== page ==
For the past two years, I have had the privilege of attending the American Israel Public Affairs Committee (AIPAC) Policy Conference. However, my experiences at each conference have been remarkably different.
During my first conference, I was a passive listener. I sat in each of the sessions, and paid attention to the speakers, but didn’t totally understand all of the content. I went to the lobbying session, but I sat in the back and let the adults do all the talking. While I still had a good experience being with my friends and learning a bit about Israel, I didn’t take every opportunity that the conference offered. I had the potential to do so much more.
However, this year, at my second policy conference, I took on a role as an active leader. The theme of the conference was “Choose to Lead,” and I did just that. During the meeting to prepare for lobbying, the group leader asked if anyone was interested in speaking. While I hesitated at first, knowing that I’d be speaking in front of 100 adults that I didn’t know, one of them being my congresswoman, Representative Karen Bass, I ended up raising my hand to volunteer to speak. Knowing that I’d be representing all the citizens in my district, but even further, representing high school activists at large, I decided that I wanted to take this opportunity. I sat down with my group leader, and together we wrote down some talking points.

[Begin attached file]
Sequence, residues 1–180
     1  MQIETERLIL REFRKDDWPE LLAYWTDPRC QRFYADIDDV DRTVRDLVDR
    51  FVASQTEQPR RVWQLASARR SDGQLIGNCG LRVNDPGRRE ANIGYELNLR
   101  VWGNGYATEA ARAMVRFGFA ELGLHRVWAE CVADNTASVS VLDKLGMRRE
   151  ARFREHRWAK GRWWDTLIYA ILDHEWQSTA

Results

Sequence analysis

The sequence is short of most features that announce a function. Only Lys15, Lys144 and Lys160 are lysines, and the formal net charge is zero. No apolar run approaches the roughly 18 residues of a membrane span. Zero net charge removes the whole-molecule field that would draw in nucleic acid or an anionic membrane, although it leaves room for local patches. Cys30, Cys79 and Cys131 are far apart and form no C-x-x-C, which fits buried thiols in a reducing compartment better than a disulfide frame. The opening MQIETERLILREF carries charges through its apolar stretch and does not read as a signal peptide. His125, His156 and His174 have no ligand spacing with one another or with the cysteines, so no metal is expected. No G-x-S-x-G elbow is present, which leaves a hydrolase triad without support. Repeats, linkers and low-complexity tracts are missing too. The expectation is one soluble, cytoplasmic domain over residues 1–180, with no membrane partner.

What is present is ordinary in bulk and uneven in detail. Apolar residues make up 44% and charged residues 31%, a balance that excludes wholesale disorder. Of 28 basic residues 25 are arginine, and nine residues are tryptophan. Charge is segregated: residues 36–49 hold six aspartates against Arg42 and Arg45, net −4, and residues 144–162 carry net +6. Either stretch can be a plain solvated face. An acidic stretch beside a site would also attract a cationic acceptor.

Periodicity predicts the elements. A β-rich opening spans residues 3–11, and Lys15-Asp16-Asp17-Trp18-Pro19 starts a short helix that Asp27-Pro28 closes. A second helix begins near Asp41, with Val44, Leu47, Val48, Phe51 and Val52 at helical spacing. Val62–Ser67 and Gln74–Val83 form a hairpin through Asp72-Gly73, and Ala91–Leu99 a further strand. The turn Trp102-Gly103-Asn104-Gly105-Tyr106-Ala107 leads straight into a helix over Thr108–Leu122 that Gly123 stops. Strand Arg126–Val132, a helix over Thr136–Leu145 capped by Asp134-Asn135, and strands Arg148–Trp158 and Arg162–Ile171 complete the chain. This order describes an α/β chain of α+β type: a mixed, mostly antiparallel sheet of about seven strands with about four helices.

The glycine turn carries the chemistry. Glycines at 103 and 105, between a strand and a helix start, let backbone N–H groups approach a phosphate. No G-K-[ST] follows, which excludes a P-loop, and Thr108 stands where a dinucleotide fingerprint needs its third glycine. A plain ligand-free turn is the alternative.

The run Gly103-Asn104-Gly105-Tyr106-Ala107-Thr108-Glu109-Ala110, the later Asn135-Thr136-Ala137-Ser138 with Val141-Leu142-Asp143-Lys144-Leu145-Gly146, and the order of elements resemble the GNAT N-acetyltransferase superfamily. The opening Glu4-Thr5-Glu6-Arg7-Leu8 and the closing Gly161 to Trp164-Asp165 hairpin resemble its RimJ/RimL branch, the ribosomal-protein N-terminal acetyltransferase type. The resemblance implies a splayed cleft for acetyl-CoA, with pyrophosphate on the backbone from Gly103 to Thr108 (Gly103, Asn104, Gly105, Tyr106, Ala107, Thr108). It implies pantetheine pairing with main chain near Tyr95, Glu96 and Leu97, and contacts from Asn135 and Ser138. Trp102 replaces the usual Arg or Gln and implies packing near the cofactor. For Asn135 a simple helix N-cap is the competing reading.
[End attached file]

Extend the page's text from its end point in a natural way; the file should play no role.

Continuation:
I was assigned to talk to Representative Bass about security challenges in Israel, and how American aid can help ensure Israel’s safety. Representative Ted Deutsch and Representative Ileana Ros-Lehtinen recently introduced the U.S.-Israel Security Assistance Act (H.R. 5141), which would set the new memorandum of understanding that the United States would send $3.3 billion in military aid and $500 million in cooperative missile defense funding for the Iron Dome and other related programs. My goal was to ask Representative Bass to support, and possibly even co-sponsor, this bill.
As I walked over to Capitol Hill, I was extremely nervous, questioning whether or not I wanted to go through with this. While I care deeply about the safety of my homeland, I wasn’t sure whether or not it was my place to talk about it, especially in front of 100 people far older and wiser than myself. I worried that I’d sound stupid and make a fool of myself. However, I went through with it, and Representative Bass agreed to read the bill, and said she would most likely support it; however, she needed to see the specific wording first.
This experience was incredible, and I hope to use it as a stepping stone for future advocacy, whether it be for AIPAC, other Israel-related issues next year in college, or next week during the school walkout. It is so important as high schoolers that we advocate because we can and will make a difference. Don’t let anyone tell you otherwise. Stand up for what you believe in because you will inspire change.